A promise which the promisor should reasonably expect to induce action or forbearance on the part of the promisee or a third person and which does induce such action or forbearance is binding if injustice can be avoided only by enforcement of the promise.
Plaintiff filed suit against defendant for breach of contract. Plaintiff's complaint alleged the existence of a contract between the parties, but failed to allege the existence of any consideration for defendant's promise to perform the work for a specific amount of money. Defendant filed a motion to dismiss the suit for failure to state a cause of action pursuant to N.C. R. Civ. P. 12(b)(6). The trial court determined that there was a lack of consideration to support the contract and thereby granted defendant's motion and dismissed the suit. Plaintiff appealed, contending that the doctrine of promissory estoppel applied in the case, serving as a substitute for consideration.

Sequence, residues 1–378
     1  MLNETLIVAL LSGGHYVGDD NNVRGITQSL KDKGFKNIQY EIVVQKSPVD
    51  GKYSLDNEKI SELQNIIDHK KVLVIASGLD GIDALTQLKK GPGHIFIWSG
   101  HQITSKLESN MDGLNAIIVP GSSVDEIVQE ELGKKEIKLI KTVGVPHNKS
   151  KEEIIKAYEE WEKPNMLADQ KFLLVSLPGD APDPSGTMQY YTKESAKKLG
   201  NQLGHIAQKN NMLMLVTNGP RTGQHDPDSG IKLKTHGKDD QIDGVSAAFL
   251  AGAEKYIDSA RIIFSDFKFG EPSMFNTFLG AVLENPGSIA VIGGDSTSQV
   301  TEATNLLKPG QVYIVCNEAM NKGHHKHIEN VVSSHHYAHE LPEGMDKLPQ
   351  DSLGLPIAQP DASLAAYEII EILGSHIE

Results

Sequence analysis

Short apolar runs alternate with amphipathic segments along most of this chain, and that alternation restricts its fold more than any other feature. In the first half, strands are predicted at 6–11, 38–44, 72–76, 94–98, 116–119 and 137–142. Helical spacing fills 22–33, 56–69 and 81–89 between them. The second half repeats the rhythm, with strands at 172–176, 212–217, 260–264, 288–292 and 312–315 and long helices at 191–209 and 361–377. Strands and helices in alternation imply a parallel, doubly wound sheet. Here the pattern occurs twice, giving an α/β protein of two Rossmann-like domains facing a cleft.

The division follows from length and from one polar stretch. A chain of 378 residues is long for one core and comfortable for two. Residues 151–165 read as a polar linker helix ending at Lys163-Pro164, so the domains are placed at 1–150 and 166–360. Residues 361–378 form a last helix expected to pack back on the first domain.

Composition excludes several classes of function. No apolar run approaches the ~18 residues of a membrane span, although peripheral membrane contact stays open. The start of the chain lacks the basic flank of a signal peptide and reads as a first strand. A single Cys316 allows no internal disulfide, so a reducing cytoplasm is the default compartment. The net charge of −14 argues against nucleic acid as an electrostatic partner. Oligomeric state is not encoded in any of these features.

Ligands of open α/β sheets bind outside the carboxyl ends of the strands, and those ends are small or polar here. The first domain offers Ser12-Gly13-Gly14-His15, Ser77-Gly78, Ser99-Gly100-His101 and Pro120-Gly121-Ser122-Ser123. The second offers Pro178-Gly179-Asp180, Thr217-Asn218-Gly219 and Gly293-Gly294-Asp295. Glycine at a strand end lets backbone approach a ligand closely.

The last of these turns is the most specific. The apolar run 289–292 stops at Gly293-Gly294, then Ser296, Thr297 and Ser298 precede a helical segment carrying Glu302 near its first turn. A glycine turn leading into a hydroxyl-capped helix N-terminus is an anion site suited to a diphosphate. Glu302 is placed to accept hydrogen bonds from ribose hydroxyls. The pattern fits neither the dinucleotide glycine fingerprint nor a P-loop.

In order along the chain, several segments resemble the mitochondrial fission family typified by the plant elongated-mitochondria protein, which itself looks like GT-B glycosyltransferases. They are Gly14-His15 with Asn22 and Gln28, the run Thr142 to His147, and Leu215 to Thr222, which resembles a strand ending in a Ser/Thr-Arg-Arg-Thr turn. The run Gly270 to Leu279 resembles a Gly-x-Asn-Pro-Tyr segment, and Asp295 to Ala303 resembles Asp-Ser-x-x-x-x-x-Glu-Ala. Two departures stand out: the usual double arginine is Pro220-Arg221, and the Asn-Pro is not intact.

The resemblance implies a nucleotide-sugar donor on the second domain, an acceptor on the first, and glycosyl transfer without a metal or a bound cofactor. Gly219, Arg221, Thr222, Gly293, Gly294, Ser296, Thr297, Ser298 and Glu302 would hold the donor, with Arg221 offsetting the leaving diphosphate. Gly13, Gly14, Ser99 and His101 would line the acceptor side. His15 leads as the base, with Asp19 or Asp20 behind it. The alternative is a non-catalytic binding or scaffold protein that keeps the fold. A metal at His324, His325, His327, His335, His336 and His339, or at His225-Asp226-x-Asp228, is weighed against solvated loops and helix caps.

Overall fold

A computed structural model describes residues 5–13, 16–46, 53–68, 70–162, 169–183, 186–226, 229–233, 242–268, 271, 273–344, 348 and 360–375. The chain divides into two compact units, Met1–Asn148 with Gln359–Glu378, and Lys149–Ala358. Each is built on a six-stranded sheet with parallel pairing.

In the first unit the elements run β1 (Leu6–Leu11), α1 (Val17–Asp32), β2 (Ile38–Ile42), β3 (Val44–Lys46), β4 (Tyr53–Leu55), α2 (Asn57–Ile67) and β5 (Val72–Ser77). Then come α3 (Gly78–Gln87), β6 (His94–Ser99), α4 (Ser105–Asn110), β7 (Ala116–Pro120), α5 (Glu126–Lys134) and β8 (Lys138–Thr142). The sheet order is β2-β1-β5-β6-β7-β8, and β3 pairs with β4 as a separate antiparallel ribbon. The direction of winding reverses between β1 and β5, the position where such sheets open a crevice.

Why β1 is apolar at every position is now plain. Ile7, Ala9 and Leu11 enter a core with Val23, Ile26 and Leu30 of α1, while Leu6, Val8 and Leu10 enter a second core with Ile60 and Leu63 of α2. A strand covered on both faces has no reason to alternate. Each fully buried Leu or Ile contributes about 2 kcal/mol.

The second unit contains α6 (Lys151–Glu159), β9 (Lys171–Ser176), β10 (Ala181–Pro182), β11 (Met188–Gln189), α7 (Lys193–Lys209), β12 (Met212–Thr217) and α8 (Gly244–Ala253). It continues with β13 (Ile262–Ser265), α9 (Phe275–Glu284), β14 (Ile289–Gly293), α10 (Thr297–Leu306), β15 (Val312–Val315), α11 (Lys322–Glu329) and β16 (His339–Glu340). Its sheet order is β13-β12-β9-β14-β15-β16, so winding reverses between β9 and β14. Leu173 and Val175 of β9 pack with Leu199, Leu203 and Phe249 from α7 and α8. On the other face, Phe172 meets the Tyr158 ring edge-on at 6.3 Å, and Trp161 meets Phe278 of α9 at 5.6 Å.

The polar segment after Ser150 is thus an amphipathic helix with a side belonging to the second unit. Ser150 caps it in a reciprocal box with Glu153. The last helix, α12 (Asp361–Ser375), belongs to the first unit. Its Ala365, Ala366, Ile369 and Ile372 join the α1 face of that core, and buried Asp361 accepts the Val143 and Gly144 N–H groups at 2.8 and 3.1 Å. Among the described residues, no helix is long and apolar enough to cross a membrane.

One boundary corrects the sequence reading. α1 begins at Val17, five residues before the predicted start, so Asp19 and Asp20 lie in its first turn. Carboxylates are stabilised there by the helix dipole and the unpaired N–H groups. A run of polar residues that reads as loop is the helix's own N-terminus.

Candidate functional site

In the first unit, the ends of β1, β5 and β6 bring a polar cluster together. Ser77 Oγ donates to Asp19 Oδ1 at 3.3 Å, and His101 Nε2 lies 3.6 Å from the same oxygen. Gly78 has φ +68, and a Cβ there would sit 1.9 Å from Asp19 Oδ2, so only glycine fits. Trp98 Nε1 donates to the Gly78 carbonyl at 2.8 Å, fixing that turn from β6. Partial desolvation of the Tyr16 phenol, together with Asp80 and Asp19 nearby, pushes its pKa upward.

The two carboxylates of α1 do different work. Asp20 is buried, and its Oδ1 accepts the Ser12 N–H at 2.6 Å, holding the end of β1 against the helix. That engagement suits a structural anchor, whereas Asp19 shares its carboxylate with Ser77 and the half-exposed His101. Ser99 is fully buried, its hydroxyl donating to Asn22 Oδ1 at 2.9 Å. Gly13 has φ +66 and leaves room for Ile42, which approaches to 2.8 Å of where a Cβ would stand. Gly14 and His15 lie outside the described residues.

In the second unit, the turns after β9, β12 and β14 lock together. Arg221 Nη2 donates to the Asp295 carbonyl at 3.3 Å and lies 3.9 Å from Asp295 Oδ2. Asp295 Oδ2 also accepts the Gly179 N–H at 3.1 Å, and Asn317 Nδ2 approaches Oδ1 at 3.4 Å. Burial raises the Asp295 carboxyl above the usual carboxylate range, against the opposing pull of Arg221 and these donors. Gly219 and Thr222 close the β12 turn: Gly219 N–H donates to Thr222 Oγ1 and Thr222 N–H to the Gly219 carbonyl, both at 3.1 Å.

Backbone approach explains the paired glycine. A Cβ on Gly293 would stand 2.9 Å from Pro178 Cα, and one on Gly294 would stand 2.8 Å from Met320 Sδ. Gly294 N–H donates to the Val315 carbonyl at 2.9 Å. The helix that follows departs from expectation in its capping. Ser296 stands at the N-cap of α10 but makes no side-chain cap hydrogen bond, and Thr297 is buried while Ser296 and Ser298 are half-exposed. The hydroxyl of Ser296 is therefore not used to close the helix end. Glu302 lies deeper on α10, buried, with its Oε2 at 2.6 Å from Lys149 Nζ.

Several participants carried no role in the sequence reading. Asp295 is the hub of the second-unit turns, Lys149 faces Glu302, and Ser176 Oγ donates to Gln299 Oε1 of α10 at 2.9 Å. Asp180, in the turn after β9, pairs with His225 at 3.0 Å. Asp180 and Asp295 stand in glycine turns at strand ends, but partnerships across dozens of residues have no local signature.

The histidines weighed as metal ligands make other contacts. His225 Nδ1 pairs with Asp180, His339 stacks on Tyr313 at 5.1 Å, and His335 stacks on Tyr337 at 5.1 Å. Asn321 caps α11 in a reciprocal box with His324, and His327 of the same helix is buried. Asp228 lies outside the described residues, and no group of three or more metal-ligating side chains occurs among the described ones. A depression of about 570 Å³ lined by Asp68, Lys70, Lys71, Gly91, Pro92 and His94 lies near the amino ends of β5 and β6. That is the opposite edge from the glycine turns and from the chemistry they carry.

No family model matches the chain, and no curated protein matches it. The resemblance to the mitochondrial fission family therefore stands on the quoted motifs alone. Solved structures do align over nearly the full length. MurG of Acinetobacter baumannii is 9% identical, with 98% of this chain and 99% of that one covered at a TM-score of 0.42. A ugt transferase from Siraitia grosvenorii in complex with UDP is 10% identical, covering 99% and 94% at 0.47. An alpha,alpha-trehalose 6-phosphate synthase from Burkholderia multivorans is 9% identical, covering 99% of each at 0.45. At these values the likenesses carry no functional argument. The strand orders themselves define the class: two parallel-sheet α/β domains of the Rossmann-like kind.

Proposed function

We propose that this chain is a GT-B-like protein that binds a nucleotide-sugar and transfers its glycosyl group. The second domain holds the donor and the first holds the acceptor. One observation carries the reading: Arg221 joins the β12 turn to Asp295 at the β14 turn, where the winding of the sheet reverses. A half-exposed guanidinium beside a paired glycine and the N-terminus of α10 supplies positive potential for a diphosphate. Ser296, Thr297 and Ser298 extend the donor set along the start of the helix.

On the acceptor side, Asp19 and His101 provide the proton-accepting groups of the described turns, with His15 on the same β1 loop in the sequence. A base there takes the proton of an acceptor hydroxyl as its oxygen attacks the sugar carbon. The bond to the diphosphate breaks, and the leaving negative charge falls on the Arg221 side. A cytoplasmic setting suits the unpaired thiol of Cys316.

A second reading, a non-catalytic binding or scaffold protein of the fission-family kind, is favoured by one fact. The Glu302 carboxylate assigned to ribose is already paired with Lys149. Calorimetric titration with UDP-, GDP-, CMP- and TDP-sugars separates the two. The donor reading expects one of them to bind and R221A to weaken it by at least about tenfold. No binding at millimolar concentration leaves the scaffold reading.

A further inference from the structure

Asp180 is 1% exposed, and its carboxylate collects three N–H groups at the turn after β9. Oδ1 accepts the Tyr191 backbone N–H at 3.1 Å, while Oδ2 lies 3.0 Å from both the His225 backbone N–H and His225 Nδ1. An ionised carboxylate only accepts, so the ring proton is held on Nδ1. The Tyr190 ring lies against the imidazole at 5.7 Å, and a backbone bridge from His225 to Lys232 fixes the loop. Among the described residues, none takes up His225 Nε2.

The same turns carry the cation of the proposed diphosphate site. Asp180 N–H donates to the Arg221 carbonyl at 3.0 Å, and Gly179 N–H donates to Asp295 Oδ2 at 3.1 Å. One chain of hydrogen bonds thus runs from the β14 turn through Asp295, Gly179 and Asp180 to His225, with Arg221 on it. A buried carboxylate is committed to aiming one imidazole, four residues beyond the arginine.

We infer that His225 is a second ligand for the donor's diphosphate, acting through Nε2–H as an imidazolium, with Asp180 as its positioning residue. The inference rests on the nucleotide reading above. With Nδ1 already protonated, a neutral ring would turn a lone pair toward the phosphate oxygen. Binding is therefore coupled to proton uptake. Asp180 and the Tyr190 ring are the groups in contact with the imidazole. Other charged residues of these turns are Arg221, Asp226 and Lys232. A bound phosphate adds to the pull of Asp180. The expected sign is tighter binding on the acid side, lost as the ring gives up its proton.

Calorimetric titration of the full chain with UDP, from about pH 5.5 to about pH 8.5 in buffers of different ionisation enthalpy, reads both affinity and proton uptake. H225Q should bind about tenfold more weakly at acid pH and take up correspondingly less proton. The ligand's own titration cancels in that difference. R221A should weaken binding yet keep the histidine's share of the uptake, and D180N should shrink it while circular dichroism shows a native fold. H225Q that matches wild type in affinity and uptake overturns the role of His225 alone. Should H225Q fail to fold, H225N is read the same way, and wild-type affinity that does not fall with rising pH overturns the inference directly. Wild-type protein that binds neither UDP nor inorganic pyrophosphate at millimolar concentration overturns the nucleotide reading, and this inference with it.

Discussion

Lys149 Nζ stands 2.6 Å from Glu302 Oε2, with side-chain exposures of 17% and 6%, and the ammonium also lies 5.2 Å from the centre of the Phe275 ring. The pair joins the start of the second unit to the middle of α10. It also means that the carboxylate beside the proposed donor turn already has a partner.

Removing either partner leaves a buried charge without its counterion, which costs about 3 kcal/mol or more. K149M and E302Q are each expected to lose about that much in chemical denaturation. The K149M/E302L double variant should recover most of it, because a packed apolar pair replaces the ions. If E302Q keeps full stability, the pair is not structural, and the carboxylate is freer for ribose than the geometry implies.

Is the doctrine of promissory estoppel applicable in this case?
Affirming the lower court's order of dismissal for failure to state a claim, the court refused to expand the doctrine of promissory estoppel in this case and held that the complaint was not sufficient. Because consideration was required to support the contract, defendant's promise to provide certain services was not supported by any consideration from plaintiff and therefore a contract had not been created.